Thursday, September 16, 2010

Whose News?

Cable television news has changed the way that government and politics works in the US. There is always someone on live television broadcasting the latest "news." No longer are events planned for the daytime hours, Monday through Friday, so that they can be covered on the evening news broadcast. Now every time is news time because all events can be reported on live and in person via satellite.

This has wreaked havoc with the way that the traditional broadcast networks have covered news. There is nothing new to be reported. It was all covered by CNN, Fox, MSNBC or someone else. It has also provided a constant state of transition among those same cable news outlets. They are all trying to create their own niche. They pretend to be filled with integrity and idealism, but in reality they are simply angling for better ratings.

On my satellite television system I get about 10-12 all-news channels (this includes local and business channels). They all have their own specific target.
  • CNN- Tries to be objective in its coverage, but is vilified by right and left as being too partisan in favor of the other guys.
  • MSNBC- Unabashedly liberal in orientation and perspective. Courts the left wing with its programming, reporting and analyses.
  • Fox News- Proclaims itself to be centrist- or at least populist- but is clearly a right leaning outfit.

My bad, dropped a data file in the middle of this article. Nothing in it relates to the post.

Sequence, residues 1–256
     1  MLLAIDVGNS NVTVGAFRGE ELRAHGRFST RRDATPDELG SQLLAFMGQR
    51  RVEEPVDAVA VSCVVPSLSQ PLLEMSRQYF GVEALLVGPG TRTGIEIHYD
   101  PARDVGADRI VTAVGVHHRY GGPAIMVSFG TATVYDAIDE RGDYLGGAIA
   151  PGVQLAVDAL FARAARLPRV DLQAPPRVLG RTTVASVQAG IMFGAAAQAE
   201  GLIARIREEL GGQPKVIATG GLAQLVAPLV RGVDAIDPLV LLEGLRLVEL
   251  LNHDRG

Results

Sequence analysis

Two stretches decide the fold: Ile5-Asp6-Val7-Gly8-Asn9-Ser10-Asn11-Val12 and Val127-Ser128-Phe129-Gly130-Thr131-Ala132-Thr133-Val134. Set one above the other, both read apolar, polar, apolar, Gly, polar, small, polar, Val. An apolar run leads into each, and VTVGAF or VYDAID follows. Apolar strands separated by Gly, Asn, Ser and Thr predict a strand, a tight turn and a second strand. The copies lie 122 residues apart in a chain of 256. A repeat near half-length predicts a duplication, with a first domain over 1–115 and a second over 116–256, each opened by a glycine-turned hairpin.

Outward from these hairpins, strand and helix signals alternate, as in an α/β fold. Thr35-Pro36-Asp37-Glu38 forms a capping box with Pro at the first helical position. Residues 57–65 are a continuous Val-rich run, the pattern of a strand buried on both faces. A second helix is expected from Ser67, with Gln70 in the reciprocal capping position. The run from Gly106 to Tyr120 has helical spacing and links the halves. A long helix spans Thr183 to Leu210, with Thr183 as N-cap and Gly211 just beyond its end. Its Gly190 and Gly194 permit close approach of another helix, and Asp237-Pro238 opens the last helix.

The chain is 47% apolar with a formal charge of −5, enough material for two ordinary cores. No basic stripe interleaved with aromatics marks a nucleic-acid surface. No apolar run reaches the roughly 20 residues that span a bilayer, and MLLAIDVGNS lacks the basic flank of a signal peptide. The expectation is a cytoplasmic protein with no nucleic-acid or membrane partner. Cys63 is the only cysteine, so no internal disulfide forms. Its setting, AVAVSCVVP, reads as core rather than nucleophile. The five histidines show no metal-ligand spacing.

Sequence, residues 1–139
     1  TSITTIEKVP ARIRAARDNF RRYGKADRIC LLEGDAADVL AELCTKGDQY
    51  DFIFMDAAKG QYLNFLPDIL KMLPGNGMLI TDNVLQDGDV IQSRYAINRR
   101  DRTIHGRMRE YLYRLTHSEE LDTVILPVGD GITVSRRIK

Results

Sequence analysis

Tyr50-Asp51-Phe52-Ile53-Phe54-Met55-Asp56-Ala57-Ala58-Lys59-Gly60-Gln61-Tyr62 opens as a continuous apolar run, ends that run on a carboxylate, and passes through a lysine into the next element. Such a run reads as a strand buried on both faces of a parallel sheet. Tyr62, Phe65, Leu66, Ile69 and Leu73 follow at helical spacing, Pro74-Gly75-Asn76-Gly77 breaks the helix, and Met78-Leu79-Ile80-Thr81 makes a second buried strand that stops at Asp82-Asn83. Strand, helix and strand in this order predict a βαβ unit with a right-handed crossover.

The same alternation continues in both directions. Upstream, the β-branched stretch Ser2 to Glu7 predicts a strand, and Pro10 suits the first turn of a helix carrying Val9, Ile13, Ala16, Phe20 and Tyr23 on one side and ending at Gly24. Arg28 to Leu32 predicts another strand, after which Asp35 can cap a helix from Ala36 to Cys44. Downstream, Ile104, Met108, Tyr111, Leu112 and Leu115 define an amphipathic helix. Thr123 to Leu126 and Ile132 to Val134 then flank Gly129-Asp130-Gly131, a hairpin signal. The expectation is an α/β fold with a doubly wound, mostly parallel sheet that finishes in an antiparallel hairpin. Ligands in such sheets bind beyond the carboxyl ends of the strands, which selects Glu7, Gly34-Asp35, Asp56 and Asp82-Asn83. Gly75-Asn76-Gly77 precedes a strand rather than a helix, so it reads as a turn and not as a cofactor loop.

Each of those networks has a business or financial channel and other outlets. They are all a part of much larger media empires. Apparently, 24 hour news is a great, and profitable, business. The problem is that there is not that much news to cover. In fact, in the last few years more and more non-news stories have become major issues because of this. Every network wants to be first. They want to report the next big story. They are looking for the great ratings. So, we have learned about Casey Anthony, Jaycee Dugard and Octo-mom.

But that is not all. We have lost sight of what is news and what is not. It is now true that many people listen to Talk Radio, or an analysis program on television and assume that they are getting news reporting. In fact, what these programs provide is some one's opinion about what is news, or what we should think about the news.

This came home to me recently when I realized what had happened to the Headline News Network. Headline News is a part of CNN. The idea behind Headline News was that any time of day or night you could get caught up on all the news in 30 minutes. But those days are long past. Now you are more likely to catch an hour of personal financial advice, opinions about the latest tabloid-type scandal or Hollywood gossip.

That is when I realized that the world has changed. Headline News has changed its name. It is now HLN. That does not seem to be a big change, except that HLN markets itself as HLN, News and Views.

Here is my conclusion...

A big part of the divisive, partisan nature of politics in the USA today is because people hear some one's opinion, or analysis of current events, and take it for news. The left sends out its analysts. The right puts its analysts on the air. And before long, no one is listening to news. Everyone is paying attention to analysis. And when we form our opinions based on someone else's opinion, we are standing on a very wobbly foundation. Let's move beyond this partisan period into a time of listening to one another, paying attention to actual news and forming our own opinions.

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